Implants composed of solid silicone represent one of the earliest alloplastic materials used with extensive applications for facial skeletal augmentation procedures. Although the material was initially developed for use in the chin, an extensive array of implants have become available for every conceivable facial site, including the parasymphysis; inferior border and mandibular ramus (angle); paranasal, infraorbital, maxillary, and malar sites; orbital floor and globe; nasal dorsum and columella; and ear (see Fig. 8-1 ). Solid silicone offers several advantages: it is easy to sterilize by steam autoclaving or irradiation without degradation of the implant; it is easily modified intraoperatively by scalpel or scissors; it retains its flexibility through a wide temperature range; it can be stabilized by suture or screw fixation through the implant; and it is economical.

Solid silicone has a high degree of chemical inertness, is hydrophobic, and is extremely resistant to degradation. No significant clinical toxicity or allergic reactions appear to exist. Tissue ingrowth or attachment to the implant does not occur, and it acts as a relatively inert filler with a predictable surrounding fibrous encapsulation that may change very little or not at all over a long period of implantation. When the implant is exposed to mechanical loading, fragmentation of the material and a synovitis may occur because of its poor mechanical properties. Therefore, it should not be used in the temporomandibular joint as an arthroplastic or interface material.

Polytetrafluoroethylene

The perfluorocarbons represent a very biocompatible group of carbon-based biomaterials that are used in almost every specialty of surgery and in dentistry. They have an ethylene (carbon) backbone to which is attached four fluorine molecules, producing polytetrafluoroethylene (PTFE).

The bonding of highly reactive fluorine to carbon creates an extremely stable biomaterial that is not biodegradable in the body due to the lack of any known human enzyme that can disrupt the fluorine-carbon bonds. In addition to its chemical stability, its surface is very nonadherent, with significant antifrictional properties. Because of the lack of crosslinking in its molecular structure, it is very flexible and has a low tensile strength.

PTFE was originally introduced in facial surgery in the 1980s as a skeletal augmentation material known as Proplast; it was combined with graphite (Proplast I), alumina (Proplast II), or hydroxyapatite (Proplast-HA) as preformed or block facial implants. It is no longer available in the United States. It was withdrawn after a misconceived approach of using it in the temporomandibular joint as a meniscal replacement or as part of a glenoid fossa or condylar joint prosthesis, where it was exposed to mechanical loads resulting in delamination, material fragmentation, particulation, and subsequent foreign body reactions.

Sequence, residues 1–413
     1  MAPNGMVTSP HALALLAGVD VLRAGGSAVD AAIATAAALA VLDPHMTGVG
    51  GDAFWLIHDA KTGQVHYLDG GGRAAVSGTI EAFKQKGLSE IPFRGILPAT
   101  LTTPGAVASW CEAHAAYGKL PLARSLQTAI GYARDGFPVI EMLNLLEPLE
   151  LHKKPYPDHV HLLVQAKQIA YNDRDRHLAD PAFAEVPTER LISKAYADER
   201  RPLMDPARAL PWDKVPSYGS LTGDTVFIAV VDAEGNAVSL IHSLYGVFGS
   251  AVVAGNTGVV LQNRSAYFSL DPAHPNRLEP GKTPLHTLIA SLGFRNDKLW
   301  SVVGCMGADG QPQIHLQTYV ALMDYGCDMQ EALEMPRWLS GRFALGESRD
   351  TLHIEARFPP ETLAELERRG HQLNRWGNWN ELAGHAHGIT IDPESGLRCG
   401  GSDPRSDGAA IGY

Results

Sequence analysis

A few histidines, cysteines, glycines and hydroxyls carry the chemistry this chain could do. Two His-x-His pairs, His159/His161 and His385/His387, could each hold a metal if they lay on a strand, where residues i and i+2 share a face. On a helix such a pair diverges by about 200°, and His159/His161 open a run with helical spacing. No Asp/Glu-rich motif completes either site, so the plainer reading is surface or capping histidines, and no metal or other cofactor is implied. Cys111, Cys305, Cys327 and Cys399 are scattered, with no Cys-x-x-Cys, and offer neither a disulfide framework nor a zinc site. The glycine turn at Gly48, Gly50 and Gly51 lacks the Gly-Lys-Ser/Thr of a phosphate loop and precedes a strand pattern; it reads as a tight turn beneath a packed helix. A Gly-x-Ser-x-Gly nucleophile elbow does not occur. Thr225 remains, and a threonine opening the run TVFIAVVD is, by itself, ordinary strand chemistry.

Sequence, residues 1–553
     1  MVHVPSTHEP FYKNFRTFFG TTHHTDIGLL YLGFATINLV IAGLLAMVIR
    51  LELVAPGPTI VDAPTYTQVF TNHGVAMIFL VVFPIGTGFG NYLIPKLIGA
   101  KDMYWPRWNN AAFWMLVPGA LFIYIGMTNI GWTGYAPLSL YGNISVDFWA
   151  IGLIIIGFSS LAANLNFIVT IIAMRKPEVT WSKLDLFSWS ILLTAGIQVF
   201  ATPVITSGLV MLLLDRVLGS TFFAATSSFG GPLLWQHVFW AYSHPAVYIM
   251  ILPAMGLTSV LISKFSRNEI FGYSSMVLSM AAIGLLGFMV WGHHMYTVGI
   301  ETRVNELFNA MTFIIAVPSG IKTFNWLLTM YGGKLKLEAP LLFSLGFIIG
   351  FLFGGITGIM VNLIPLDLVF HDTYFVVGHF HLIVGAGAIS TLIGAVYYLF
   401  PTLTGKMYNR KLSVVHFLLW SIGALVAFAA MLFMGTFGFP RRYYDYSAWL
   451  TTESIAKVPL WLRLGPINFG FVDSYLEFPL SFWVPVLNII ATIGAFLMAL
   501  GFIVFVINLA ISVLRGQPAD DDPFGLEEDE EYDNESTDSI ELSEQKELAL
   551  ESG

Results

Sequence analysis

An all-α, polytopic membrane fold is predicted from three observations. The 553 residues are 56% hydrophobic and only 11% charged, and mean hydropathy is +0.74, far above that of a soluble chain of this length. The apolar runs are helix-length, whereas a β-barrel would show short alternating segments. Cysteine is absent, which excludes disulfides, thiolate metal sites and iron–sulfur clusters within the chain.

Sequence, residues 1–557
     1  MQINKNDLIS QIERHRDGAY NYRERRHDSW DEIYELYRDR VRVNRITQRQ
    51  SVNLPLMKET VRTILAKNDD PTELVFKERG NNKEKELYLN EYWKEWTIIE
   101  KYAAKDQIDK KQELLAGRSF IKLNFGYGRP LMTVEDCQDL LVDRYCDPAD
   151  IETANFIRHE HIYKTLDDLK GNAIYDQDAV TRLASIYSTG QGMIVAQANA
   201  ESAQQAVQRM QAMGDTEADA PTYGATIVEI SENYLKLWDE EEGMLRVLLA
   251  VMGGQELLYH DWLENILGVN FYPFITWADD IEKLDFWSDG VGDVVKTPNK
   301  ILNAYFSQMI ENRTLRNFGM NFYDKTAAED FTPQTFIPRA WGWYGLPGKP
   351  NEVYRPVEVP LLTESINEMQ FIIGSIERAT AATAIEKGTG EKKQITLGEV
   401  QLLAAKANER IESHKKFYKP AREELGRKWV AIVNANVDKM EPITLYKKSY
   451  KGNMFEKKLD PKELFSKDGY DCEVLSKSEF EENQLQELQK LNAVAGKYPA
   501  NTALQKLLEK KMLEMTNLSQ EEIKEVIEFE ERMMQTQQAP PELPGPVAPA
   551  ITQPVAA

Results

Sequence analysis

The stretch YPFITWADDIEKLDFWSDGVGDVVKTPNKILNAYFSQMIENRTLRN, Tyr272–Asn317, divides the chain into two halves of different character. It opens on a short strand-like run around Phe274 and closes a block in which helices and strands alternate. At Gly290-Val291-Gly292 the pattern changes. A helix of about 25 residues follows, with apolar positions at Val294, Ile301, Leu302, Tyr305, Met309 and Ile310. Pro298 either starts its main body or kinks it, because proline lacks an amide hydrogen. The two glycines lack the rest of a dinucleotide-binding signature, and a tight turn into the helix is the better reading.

However, PTFE has been reborn as a subcutaneous augmentation material (SAM) (W.L. Gore and Associates, Flagstaff, Ariz). Based on the manufacturer’s extensive experience with other surgical implants composed of PTFE (e.g., vascular prostheses, soft tissue patches, sutures), a variety of blocks, preformed implants, strips, and strands are available for facial augmentation from subperiosteal to subdermal placement ( Fig. 8-2 ). The material is composed of fine, expanded PTFE fibrils that are oriented and held together by solid pieces of the same material. The fibrillar composition results in non-interconnected surface openings with pore sizes of 10 to 30 µm. This allows for some soft tissue ingrowth, less fibrous encapsulation, and little tendency for migration. The material is easily shaped with scalpel and scissors, may be resterilized (stable at temperatures up to 325° F) if not used, threads easily through subcutaneous tissue and into tissue pockets, and can be anchored to adjacent tissues by sutures or screws.

FIGURE 8-2
Gore-Tex subcutaneous augmentation material (SAM) implants are available as strands and cords for subdermal implantation and as blocks ( A ) and preformed implants ( B ) for subperiosteal onlay implantation.

With its long history of use as a vascular prosthesis since 1975 and in other abdominal and thoracic surgery applications, its clinical safety is well established, and extensive histologic evaluations of its tissue response have been done. It has been approved as an implant material for facial applications since 1994 and has been widely employed for subdermal implantation in the lip, nasolabial folds, glabella, nasal dorsum, and other subcutaneous facial defects; as slings for ptotic tissues of the eyelid and face; and for bony augmentation of the midface, malar, and mandibular areas. In block form, its compressive deformability by handling has been improved by the addition of reinforcement layers. Its ease of removal in subcutaneous sites due to the lack of significant ingrowth offers an advantage in the event of infection or if additional augmentation or modification of the material is required secondarily. In areas of thin skin with little subcutaneous substance (e.g., nasal dorsum), PTFE, like all other inorganic materials, should be used cautiously because of the higher potential for complications.

Polyethylene

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Jun 3, 2016 | Posted by in Oral and Maxillofacial Surgery | Comments Off on Alloplastic Biomaterials for Facial Reconstruction